The percentage will tell the tale.
While analyzing the many things that went wrong with the Flames last year GM and coach Darryl Sutter opined that Calgary's goaltending was sub-standard, pointing to a collective .897 save percentage as a critical reason for a seventh straight year out of the NHL's post-season.
Only a .915 save percentage would be acceptable in the future, claimed Sutter, a number which coincidentally lines up with the average of the 24 NHL netminders last season starting 50 or more games.
Roman Turek, of course, was one of the goaltenders noted above, but at .902 on the season, he ranked 23rd on the list, second to last, with only Tommy Salo of Edmonton lower.
Turek has to be better. But does he have the ability?
Even for the highly competent Blues in 1999-2000, his first year as a genuine NHL starter, Turek still managed a save percentage of .912 and has only matched .915 on one occasion, as a 26 game backup for Dallas, another competent defensive team, in 1998-99.
That's what save percentage does. It can eliminate some of the obvious excuses, like poor defensive coverage or defencemen playing soft in front of their goal. Those are still factors, of course, but Turek's career save percentage has been telling a pretty consistent story, whether it be the best of times or the worst of times.
So Sutter's seemingly modest request - to be average - might well be a significant challenge and was no doubt one of the central focuses in that three and a half hour private post-mortem with Turek after last season had concluded.
To his credit, Turek seems to understand completely his importance to this team, telling local news sources recently that he has to be flat-out the best player on the team.
Having competent, consistent goaltending is as essential in hockey as quality pitching is in baseball. It can easily be taken for granted if you have it but without it the chances of success gravitate towards nil, impacting almost every other aspect of the game from the goaltender out. A team with poor netminding may be less aggressive, unwilling to risk taking penalties for fear of the consequences. Its a team that might be inclined to risk less in the offensive zone for fear of getting caught and paying the penalty at the other end. It's a team that might be altogether fundamentally different with competent goaltending.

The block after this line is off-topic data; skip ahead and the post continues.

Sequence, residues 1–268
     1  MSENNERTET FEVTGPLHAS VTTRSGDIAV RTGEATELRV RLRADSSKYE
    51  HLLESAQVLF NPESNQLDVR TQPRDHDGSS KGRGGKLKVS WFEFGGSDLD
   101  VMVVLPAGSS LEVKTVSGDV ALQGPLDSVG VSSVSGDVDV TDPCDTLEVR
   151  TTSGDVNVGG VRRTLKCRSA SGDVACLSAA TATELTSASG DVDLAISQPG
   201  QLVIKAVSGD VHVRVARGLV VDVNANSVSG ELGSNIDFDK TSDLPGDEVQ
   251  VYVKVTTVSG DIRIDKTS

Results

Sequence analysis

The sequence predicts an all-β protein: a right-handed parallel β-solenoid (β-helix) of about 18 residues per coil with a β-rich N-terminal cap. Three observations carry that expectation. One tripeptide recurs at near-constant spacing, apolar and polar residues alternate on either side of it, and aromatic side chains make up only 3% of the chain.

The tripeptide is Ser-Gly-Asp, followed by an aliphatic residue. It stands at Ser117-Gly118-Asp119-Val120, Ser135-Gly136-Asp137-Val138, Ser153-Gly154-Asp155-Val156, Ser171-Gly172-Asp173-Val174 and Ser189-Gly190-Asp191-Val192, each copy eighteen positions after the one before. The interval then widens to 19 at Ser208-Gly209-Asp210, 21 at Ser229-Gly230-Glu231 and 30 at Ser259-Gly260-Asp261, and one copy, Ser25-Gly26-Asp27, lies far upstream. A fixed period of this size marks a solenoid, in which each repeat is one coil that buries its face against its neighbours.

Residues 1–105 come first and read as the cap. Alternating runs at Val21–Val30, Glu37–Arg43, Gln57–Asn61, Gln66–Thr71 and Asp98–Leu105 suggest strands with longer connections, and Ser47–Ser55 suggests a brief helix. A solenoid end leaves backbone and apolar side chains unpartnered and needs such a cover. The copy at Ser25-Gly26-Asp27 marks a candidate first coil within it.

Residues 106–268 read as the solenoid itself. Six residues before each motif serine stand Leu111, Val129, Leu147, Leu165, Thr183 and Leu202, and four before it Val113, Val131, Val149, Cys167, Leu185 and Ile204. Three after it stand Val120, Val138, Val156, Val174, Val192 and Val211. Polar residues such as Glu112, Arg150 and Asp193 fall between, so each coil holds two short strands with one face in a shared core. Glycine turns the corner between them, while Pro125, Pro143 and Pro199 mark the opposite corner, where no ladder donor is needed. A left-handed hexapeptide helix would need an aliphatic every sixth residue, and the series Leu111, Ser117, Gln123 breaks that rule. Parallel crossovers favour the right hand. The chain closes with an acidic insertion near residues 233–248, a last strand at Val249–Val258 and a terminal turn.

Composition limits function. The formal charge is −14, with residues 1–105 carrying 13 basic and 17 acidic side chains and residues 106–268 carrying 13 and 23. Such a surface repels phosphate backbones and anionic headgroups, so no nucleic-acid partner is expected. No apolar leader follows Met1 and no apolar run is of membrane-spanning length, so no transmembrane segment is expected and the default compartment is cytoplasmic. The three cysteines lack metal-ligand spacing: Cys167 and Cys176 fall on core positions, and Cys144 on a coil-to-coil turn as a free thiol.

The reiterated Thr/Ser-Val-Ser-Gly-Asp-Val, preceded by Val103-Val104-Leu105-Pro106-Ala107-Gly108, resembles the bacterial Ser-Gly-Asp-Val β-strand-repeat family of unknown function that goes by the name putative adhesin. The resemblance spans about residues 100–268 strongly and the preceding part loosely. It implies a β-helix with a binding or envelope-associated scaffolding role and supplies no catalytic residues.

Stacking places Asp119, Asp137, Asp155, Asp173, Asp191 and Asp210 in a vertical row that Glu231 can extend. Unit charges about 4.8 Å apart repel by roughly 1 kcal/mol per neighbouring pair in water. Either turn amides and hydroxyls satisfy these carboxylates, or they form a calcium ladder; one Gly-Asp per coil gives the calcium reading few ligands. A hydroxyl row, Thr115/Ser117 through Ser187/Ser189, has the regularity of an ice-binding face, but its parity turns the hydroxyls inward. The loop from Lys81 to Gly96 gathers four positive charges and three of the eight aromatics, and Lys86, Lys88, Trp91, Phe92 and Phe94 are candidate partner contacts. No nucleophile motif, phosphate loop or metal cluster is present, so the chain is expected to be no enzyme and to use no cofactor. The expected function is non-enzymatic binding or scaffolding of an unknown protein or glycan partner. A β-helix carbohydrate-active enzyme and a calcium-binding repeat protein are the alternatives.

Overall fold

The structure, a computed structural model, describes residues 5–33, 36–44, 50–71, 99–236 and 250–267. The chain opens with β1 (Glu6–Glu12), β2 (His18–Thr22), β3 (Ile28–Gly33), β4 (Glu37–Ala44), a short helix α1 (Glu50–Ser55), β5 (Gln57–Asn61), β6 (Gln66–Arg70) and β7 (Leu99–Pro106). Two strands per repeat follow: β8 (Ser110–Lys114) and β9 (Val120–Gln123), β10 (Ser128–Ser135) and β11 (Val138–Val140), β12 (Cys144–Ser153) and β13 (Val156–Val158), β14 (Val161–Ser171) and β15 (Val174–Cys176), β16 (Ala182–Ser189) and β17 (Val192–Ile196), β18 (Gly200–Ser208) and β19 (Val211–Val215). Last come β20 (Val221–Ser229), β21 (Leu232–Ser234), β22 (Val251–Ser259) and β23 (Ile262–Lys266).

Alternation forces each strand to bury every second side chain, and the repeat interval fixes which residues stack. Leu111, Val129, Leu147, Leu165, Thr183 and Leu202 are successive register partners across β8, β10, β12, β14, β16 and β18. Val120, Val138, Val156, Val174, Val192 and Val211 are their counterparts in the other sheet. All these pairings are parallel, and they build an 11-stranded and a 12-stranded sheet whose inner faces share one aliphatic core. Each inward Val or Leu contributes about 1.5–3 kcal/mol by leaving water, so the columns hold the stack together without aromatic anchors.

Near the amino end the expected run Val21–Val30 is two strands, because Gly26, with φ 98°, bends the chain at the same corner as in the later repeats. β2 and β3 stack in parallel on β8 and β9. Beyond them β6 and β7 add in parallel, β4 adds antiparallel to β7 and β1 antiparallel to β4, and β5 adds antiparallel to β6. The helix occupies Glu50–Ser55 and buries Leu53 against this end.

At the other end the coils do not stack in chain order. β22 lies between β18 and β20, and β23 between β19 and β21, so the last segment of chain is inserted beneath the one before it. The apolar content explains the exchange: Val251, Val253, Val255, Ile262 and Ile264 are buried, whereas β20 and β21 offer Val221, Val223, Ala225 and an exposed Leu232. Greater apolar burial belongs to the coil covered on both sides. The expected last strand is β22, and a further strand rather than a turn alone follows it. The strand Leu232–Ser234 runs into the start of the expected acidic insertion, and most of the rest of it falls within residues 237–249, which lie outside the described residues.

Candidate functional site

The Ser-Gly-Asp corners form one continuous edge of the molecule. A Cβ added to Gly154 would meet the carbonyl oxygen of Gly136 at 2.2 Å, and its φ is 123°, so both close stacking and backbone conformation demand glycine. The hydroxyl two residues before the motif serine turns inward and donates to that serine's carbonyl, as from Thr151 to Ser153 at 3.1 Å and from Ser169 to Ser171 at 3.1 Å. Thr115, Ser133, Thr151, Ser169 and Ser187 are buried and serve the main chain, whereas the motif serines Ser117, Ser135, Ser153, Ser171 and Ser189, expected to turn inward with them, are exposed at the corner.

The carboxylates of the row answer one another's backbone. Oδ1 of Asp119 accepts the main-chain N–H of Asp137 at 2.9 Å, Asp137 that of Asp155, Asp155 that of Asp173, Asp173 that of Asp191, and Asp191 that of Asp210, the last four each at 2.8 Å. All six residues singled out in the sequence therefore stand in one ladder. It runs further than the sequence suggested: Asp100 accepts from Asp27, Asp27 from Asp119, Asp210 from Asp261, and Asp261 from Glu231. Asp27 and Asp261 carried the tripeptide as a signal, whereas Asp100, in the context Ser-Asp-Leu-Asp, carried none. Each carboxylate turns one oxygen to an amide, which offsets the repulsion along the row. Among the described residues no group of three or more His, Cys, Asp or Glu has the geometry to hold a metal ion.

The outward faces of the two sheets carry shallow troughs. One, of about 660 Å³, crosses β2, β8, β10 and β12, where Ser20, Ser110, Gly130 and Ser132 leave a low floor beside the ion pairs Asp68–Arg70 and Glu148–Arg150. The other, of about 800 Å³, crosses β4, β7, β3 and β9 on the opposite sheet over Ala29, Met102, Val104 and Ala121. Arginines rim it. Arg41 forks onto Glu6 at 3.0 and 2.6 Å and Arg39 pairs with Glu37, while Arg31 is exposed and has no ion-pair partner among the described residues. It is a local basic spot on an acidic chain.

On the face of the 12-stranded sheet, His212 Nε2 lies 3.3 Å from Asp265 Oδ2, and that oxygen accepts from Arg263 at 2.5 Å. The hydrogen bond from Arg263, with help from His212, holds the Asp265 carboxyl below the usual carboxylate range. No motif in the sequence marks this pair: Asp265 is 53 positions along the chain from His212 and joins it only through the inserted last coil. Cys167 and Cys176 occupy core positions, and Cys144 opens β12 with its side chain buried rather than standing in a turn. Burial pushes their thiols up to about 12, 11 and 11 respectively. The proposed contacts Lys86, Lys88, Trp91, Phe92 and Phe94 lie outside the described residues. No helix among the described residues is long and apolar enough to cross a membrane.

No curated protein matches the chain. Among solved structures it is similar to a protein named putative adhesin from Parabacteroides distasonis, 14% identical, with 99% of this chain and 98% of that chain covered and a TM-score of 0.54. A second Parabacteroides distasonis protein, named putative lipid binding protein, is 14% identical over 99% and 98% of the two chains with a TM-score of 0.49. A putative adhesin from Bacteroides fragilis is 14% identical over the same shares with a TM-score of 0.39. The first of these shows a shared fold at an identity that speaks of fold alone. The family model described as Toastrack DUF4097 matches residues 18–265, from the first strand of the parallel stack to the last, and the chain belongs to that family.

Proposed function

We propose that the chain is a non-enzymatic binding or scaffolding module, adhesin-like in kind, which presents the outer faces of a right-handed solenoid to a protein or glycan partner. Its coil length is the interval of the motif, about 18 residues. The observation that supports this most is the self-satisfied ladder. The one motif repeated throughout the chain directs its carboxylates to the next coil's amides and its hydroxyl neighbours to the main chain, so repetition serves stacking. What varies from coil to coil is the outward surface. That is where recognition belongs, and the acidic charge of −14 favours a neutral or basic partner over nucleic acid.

In that vein, Turek needs to be "average" in at least one other respect as well. Like most competent NHL goaltenders, he should stop the pucks he can see and a few others on top of that. His penchant, however, for flubbing the odd easy one is a nightmare for a team that lacks the offensive weapons to score itself out of trouble. He can be a drag on his team's psyche and that has to end.
Just to make the challenge for Turek tougher, Sutter has also stated his team needs to be top ten defensively in order to qualify for the post-season. Calgary was actually ranked 16th in total goals allowed last year and improved markedly down the stretch under Sutter but a top ten finish, however you want to measure it, would be a remarkable turnaround for a franchise that has consistently languished in the bottom third of the league defensively the last seven horrific seasons.
That Turek will be the starter, getting in 55 to 70 games, is not in doubt given his ability and contract status. He's the man.
The most intriguing battle, therefore, might be over who backs him up. For the second straight season, Calgary's backup won only two games, adding just another element of pressure on the coaching staff as well as Turek himself.
Jamie McLennnan is probably the guy who will carry the load again this year but Sutter's gushing praise of youngster Dany Sabourin might be a clue as to where the future lays. While it's not out of the realm of possibility Sabourin could usurp McLennan in the backup role it would be uncharacteristic of Sutter to expose his team to the risk of an untried rookie goaltender should Turek be injured for any length of time.
In fairness to McLennan, his failure to produce more than two wins last year had much to do with the incompetence of his teammates through much of November when McLennan stood on his head with Turek injured but the Flames turtled with zero offence.
Sabourin is probably destined to share starting duties on Calgary's new co-op farm team, putting in his time before advancing to the back-up role next year.
Former number one draft pick Brent Krahn resurrected his stagnant career with a memorable finish with Seattle, turns pro and is ticketed for the ECHL. He is probably still two or three years away from permanent employment in the NHL but the Flames have to be pleased with the fact a draft pick that appeared to be dead in the water - due to injury more than anything - is back on the radar screen.